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Quantum Computing: A Step Towards a Promising Future for Quantum Processing | Nature | Nature’s portfolio

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June 15, 2023

Quantum Computing: Steps towards potentially useful quantum processing in the near future

This week’s paper reports that a quantum processor can outperform classical computation without implementing error correction.natureIt has been demonstrated that a 127-qubit IBM processor is capable of generating a highly entangled quantum state and measured the expected value of this quantum state, which is an estimated average of the results of repeated experiments. This is beyond the capabilities of the best classical calculus currently available. This proof-of-concept indicates that quantum processors may soon be useful for some specific computational operations without fault tolerance (the behavior of a quantum computer that can be quickly avoided or corrected and controlled). Meanwhile, achieving fault-tolerant computing will likely take many more years.

One of the main goals of quantum computing is to perform certain tasks more efficiently than conventional computers, and achieving this goal requires tackling a certain number of practical challenges. For example, keeping the error rate low and eliminating quantum “noise” (perturbations from the platform and environment) as quantum computers get larger. It reduces errors and noise and removes the advantage of quantum computing over classical computation. Fault tolerance is not achieved with current technologies. While current quantum processors have been shown to outperform classical processors in performing specific but intentionally designed problems, currently or in the near future troublesome quantum computers, there is an ongoing debate about whether it is sufficient, for example, to perform quantum computations that can be useful for research purposes.

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Andrew Edens, Yong-Seok Kim, Abhinav Kadala and colleagues present evidence that this quantum chip can generate, manipulate and measure complex quantum states whose properties cannot be reliably estimated by classical approximations. The demonstration experiment conducted this time was at the point where quantum computers can be used to solve some specific problems (such as studying physical models) that are difficult to solve on classical computers, even without error correction. The authors performed experiments using a 127-qubit processor to run a 60-layer-deep circuit containing about 2,800 binary-qubit gates (the quantum equivalent of logic gates in classical computers). Such quantum circuits generate large, highly entangled quantum states, which classical computers lack the ability to reliably reproduce by numerical approximation. The authors show that a quantum computer can be used to accurately estimate the properties of these quantum states by measuring the predictions. The ability to generate and measure such large quantum states without introducing too many errors to interfere with the calculations is due to the high quality of the chips manufactured and the analysis that corrects for noise, due to the presence of a post-processing method.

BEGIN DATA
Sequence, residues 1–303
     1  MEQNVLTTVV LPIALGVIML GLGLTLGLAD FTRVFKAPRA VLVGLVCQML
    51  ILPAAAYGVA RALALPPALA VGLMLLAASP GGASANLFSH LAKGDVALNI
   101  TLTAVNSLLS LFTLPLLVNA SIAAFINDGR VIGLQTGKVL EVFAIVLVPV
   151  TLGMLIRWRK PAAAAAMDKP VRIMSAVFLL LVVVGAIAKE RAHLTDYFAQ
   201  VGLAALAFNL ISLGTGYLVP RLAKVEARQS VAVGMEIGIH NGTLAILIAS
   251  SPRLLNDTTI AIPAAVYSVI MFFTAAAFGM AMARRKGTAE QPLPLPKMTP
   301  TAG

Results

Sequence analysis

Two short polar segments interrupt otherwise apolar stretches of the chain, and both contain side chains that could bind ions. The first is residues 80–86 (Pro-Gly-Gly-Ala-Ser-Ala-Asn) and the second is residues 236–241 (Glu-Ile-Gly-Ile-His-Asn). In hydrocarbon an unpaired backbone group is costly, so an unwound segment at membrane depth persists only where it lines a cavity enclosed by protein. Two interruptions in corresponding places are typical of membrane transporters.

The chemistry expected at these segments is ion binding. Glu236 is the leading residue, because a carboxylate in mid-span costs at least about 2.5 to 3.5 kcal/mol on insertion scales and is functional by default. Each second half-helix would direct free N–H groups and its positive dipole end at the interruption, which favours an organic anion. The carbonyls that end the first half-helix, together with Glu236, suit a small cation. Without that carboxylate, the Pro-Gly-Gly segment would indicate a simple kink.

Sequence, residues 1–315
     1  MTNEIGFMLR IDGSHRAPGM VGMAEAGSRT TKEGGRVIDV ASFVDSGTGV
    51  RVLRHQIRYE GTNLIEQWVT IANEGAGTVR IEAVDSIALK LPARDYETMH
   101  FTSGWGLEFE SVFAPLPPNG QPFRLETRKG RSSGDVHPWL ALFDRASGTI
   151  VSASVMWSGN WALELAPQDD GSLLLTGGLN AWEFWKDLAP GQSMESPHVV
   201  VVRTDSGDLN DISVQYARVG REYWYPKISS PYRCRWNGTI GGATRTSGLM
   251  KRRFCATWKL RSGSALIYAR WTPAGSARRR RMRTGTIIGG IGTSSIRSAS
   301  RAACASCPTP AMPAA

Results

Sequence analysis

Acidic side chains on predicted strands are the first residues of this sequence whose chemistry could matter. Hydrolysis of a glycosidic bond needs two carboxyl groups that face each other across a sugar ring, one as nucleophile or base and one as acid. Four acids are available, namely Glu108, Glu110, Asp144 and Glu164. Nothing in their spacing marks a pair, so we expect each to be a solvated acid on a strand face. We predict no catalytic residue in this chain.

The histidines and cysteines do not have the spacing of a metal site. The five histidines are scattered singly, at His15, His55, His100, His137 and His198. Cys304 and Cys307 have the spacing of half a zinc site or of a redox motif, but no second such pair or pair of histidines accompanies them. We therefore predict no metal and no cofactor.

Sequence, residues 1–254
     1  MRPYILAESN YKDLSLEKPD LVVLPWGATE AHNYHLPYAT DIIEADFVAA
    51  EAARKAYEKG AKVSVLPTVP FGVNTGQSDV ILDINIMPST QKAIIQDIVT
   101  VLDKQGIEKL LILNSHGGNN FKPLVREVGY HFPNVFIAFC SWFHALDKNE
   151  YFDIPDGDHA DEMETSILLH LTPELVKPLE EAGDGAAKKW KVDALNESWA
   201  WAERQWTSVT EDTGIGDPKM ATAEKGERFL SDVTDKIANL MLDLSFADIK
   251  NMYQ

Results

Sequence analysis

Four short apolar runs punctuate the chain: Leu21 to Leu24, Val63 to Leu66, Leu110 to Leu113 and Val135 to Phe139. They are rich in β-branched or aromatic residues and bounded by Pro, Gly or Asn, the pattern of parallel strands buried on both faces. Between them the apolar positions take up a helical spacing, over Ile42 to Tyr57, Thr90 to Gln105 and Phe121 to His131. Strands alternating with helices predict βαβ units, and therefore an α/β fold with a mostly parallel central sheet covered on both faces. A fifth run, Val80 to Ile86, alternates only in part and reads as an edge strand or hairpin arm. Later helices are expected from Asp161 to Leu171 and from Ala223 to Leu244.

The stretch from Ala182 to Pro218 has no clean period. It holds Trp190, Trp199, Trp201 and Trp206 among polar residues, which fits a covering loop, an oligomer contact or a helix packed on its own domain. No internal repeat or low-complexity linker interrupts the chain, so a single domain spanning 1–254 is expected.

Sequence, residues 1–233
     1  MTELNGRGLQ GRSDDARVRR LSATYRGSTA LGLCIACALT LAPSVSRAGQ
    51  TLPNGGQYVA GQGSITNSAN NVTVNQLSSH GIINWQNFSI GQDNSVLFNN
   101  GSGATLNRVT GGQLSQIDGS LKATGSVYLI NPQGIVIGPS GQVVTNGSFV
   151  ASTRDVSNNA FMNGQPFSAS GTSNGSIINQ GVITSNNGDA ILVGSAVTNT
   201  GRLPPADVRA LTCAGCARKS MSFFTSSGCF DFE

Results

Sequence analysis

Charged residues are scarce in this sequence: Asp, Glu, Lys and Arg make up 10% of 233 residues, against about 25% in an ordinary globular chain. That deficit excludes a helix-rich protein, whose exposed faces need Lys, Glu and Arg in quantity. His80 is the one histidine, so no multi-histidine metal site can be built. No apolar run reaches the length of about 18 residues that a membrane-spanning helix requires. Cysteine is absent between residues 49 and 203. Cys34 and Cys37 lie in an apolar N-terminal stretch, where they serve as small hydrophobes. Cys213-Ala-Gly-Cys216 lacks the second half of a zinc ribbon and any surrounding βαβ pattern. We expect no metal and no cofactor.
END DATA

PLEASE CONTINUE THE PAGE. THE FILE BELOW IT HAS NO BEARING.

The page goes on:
In a companion article for News & Views, Göran Wendin and Jonas Bylander conclude, “The primary quantum advantage in this work lies in size, not speed. With 127 qubits, the memory of a classical computer is not enough.” The problem is in the area of ​​​​a huge country that does not exist.

Two: 10.1038 / s41586-023-06096-3

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